(1) The plaintiff is the appellant in the second appeal. The courts below have given diverse findings on the same question fact. The suit was filed for partition and separate possession of the plaintiff's half share in the suit properties, which admittedly belonged to one Ramaswami alias Kannappan. The case of the plaintiff, who is the mother of the deceased Ramaswami, is that her son Ramaswami died intestate on 13-7-1956, leaving besides her, his widow-Kamalammal, the first defendant in the suit. The second defendant in the suit is an alience of the suit properties from the widow. The plaintiff's right, it goes without saying, is based upon h the provisions of Act 30 of 1956, which came into force on 17-6-1956. Along with the plaint, a death register extract was filed. In the written statement by the first defendant, while putting the plaintiff to proof that Ramaswami died on 13-7-1956, the first defendant also stated that he died on May 1956. In her evidence, the plaintiff stated that Ramaswami died in the month of Ani. The only other person, who is competent to speak about when Ramaswami died the wife who is the first defendant in he case, has not gone into the witness box. D. W. 1 is a close relation of the first defendant. He does not speak specifically as to when Ramaswami dies.
The trial court, acting upon the death register extract, Ex. A. 1, held that Ramaswami died on 13-7-1956, and granted the plaintiff the decree for partition as prayed for. On appeal, the learned Subordinate Judge observed that the trial Court had taken if for granted that Ex. A. 1 had been proved, and that it was an essential mistake that had been committed in the case. Observing further that the trial court ought to have called upon the plaintiff to prove the document Ex. A. 1 and found that the plaintiff had not discharged the burden on her, the learned Subordinate Judge held that Ex. A. 1 had to be rejected as not proved and the suit had to go as the same rested mainly on Ex. A. 1.
(2) Now, before me in appeal, it is contended on behalf of the plaintiff, that the learned Subordinate Judge erred in his view that Ex. A. 1 had not been proved. It is pointed out that in the memorandum of grounds of appeal to the lower appellate court no objection had been taken to the proof of the document Ex. A. 1. The only ground relating to the date of death of Ramaswami is ground No. 2 where it is averred that the lower Court (the trial court) ought to have accepted the appellant's case that Ramaswami alias Kannappan, the husband of the first defendant, dies in May 1956 and not on 13-7-1956.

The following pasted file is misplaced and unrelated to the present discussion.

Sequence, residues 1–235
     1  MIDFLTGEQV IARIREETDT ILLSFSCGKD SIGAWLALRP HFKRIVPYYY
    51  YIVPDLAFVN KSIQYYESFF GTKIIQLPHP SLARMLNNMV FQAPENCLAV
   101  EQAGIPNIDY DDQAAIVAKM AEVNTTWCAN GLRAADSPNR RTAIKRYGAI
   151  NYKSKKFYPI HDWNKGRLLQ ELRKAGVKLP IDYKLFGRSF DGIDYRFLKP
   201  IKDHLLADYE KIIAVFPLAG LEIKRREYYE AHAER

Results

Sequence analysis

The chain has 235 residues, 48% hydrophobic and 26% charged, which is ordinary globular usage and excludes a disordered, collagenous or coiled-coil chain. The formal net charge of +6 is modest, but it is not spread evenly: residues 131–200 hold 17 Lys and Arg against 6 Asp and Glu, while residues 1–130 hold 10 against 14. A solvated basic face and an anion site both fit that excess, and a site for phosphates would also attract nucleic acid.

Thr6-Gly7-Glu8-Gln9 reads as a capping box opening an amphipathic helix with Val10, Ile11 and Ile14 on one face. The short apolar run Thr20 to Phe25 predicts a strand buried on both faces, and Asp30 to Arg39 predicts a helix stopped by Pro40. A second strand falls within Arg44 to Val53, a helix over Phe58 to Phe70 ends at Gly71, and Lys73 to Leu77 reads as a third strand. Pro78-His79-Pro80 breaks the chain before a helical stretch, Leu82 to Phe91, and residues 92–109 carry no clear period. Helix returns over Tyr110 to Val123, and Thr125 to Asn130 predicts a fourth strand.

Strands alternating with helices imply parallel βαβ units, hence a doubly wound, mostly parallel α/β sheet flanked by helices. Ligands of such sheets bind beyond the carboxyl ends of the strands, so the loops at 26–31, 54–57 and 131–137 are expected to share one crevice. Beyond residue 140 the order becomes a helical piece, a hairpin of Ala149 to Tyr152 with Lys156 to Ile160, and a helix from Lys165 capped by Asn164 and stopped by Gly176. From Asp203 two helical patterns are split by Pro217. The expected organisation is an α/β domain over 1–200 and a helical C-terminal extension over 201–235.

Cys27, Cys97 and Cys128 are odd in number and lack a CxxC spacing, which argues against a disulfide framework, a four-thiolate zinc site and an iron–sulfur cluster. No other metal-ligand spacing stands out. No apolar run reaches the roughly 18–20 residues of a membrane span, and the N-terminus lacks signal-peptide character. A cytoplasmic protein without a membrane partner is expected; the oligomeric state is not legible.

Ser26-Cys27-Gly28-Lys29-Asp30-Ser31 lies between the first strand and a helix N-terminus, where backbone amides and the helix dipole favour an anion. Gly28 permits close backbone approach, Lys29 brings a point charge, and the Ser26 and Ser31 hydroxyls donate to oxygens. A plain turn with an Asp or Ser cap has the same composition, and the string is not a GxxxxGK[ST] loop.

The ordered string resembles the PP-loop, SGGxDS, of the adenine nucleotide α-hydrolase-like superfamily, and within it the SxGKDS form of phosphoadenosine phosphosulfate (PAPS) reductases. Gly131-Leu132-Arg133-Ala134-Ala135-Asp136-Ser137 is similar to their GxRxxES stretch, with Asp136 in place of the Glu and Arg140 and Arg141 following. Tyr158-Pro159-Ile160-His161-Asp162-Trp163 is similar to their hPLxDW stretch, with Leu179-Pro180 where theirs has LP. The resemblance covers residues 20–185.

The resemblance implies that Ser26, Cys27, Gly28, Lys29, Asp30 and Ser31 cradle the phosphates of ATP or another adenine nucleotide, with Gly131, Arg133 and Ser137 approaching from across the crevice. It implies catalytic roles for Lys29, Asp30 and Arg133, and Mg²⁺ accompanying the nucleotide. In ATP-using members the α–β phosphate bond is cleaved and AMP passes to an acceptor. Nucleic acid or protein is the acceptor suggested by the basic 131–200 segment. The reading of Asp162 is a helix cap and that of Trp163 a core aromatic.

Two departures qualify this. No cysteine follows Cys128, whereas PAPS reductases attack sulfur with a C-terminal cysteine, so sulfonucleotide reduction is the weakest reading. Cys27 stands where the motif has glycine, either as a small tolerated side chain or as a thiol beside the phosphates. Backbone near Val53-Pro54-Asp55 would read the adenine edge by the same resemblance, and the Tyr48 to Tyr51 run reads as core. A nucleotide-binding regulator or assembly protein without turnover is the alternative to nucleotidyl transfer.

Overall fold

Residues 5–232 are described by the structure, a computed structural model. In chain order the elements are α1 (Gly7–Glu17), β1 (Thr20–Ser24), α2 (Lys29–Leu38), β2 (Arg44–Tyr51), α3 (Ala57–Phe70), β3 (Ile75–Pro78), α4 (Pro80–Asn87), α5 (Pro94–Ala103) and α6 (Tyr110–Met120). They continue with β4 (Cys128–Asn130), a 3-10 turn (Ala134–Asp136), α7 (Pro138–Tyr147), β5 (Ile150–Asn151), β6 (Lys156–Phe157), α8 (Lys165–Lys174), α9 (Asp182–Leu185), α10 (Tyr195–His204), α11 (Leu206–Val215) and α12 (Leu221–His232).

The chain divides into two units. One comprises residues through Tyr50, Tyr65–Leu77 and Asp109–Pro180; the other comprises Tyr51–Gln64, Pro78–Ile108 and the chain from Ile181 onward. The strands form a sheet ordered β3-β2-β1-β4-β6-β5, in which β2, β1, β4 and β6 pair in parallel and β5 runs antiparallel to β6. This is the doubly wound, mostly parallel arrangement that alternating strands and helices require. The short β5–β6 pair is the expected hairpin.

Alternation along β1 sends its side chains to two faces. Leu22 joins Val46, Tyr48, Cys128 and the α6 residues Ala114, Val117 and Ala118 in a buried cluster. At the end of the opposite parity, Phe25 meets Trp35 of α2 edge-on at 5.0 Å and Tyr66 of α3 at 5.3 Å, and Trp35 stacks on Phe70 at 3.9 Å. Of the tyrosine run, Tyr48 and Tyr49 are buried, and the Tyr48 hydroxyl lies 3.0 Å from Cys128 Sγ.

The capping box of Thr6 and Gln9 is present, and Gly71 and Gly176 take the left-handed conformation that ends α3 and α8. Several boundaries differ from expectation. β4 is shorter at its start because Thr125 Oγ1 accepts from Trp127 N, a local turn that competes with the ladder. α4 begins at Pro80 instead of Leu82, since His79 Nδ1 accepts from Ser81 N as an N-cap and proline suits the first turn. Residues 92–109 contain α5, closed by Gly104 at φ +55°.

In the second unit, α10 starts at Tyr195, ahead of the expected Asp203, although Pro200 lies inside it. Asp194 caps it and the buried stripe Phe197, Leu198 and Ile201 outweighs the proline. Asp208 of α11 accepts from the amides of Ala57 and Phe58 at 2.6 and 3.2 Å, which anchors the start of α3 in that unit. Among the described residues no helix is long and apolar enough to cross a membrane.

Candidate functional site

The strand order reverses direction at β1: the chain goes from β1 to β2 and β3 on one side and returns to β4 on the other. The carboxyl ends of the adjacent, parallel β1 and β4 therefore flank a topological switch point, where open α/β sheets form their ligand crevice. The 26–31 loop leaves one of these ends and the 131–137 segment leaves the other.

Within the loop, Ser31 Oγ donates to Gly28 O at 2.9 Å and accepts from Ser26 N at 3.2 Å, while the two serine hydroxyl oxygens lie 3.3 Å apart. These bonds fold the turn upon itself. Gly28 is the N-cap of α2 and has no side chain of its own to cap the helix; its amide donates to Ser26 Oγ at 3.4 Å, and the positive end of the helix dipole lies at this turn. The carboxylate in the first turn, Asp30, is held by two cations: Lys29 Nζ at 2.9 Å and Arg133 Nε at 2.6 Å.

(3) My attention is drawn to the provisions of Madras Act III of 1899, Registration of Births and Deaths Act, and S. 17, therein in particular. Section 17 provides that any person may obtain an extract from the register of births and deaths, and clause (2) of the section provides that all extracts given under the section shall be certified as provided in S. 76 of the Indian Evidence Act and may be produced in proof of the entries of which they purport to be copies. In Ramalinga Reddi v. S. Kotayya, ILR 41 Mad 26: (AIR 1918 Mad 451) it is observed as follows:
"It is, therefore, clear that the record of death would be an entry made in a public register as required by the Evidence Act."
It is also observed that apart from the provisions of holding Act III of 1899, the was no reason for holding that the register would not be covered by the language of S. 35 of the Evidence Act. It is further observed that a village karma or a reddi keeping a register of deaths will be acting as a public servant in the discharge of his official duty. In Rangappa v. Rangaswami, AIR 1925 Mad 1005, at p. 1009 it is observed as follows:
"This death register is a public document and would, in ordinary circumstances, be bound to have been accepted as conclusive of the matter."
The learned Subordinate Judge's view that the document Ex. A. 1 is not proved cannot be sustained in view of the provisions of S. 35 of the Indian Evidence Act and the provisions of the Births and Deaths Act (Act III of 1899), which enjoin a duty on village officials of maintaining such registers. The rejection of the document buy the learned Subordinate Judge, is therefore, erroneous and cannot be sustained.